Candace Coleman shares the importance of embracing different ways of thinking

Candace Coleman Racial Justice Organizer for Access Living
Candace Coleman shares the importance of embracing different ways of thinking
Photo courtesy of Candace Coleman

Candace Coleman is the racial justice organizer for Access Living in Illinois. Her work focuses on disabled individuals affected by the justice system. Her passion for the work extends to topics such as bullying, police brutality and restorative justice. Rolling out spoke to Coleman about her responsibilities, misunderstandings people may have about the disabled community and how mental health can be viewed differently.

Please describe your position as a racial justice organizer.

I want to highlight that I am a racial justice organizer within a disability rights, advocacy, and service organization. I work at the intersection of racial justice and disability justice to tackle issues that impact Black and Brown communities of color that also deal with disability issues as well. These issues require a lot of nuances regarding the identities involved and [the] forces that impact both communities.

What are some of the biggest misunderstandings that people have of the disabled community?

Within Illinois 13 percent of the disabled community is African-American, and despite stigmatization both within and towards the community from outside, we are a powerful community with a strong sense of identity and purpose. The prevalent model of disability, the medical model, tries to place the blame of our problems on our bodies and minds, but the socialization model shows that working beyond standards that exclude body types, like stairs, people are enabled to live independently.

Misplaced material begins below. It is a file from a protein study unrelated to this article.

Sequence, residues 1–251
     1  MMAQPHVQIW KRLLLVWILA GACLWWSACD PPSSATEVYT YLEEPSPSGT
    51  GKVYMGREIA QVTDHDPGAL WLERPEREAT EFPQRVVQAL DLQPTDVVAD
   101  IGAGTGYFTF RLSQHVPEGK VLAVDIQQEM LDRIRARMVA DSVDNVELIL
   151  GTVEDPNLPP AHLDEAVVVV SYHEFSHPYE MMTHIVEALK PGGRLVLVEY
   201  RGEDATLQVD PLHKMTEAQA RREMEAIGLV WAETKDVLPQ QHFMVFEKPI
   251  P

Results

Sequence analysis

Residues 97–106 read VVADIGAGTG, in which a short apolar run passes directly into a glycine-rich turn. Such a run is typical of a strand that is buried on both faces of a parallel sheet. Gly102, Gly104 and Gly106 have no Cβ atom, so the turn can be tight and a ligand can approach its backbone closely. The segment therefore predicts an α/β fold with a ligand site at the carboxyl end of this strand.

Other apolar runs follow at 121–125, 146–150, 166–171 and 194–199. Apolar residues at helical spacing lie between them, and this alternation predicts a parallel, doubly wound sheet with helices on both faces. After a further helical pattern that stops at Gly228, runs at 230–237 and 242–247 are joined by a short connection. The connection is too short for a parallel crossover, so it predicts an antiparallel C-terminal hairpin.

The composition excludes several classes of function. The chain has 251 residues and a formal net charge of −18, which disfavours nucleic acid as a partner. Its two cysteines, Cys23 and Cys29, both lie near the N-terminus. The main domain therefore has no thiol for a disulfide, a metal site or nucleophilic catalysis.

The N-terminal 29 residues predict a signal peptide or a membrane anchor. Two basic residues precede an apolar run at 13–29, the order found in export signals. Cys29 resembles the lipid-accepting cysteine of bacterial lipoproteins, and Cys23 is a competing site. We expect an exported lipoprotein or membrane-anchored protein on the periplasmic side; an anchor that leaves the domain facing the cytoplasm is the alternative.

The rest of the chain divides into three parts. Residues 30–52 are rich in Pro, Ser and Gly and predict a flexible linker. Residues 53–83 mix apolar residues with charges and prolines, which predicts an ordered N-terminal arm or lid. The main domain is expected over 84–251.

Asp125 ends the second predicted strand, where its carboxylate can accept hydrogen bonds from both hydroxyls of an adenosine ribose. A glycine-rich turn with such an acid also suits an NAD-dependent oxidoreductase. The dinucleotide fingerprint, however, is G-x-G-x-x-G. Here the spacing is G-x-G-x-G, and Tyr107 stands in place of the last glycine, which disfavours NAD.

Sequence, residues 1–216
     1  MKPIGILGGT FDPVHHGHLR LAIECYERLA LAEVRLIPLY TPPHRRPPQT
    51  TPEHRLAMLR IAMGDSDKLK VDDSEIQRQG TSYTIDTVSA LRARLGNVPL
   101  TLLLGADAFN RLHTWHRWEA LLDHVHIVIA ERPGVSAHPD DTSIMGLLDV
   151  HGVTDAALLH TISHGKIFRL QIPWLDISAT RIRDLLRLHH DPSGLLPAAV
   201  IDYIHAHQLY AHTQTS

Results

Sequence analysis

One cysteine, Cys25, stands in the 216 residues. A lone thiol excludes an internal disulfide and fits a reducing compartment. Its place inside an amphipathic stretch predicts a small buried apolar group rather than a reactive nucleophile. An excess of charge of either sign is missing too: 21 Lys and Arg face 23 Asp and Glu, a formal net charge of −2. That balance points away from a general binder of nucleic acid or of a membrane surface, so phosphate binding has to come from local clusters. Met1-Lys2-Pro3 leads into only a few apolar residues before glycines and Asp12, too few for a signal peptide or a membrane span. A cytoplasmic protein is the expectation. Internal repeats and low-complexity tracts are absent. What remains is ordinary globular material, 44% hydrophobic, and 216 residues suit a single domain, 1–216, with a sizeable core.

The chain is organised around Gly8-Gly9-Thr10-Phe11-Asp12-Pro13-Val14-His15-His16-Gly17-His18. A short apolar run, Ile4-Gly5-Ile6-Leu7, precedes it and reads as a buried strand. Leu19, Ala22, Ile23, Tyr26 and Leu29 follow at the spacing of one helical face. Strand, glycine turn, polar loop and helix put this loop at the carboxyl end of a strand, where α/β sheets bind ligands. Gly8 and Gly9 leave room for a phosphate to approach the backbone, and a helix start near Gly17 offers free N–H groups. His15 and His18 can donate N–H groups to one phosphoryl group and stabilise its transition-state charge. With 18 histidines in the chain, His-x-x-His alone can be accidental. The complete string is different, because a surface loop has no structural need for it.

What are your thoughts on how mental health is being addressed in the Black community? 

Having mental health conditions is another identity people shy away [from] due to not fully understanding it. Mental health is talked about as though it is a strange object that is new and confusing. But neurodivergent minds – different ways in taking and processing information – is a natural spectrum of humanity and has always existed. We would benefit from being more open with different ways of thinking and being more understanding of atypical minds.

How do you utilize technology to benefit your organization?

Currently digital communications helps us be available in rooms and situations we have not been able to before. With the disability community, many people with mobility, autoimmune, sensory processing, visual, and cognitive disabilities are unable to leave their homes. With technologies like Zoom, we can meet people where they live. Additionally, technology enables us to offer accommodations to facilitate conversation in ways benefitting with collaborators and community members.

What professional organizations do you support? Why?

As one center for independent living amongst 22 in the state we all tackle issues that impact the disability community throughout Illinois, challenging and removing the obstacles that stood in the way of full equality for people with disabilities in Chicago and throughout Illinois. There is a lot of solidarity between Centers for Independent Living to assist with issues affecting all disabled populations, whether it be transportation, housing, education, or more – both local and nationwide.

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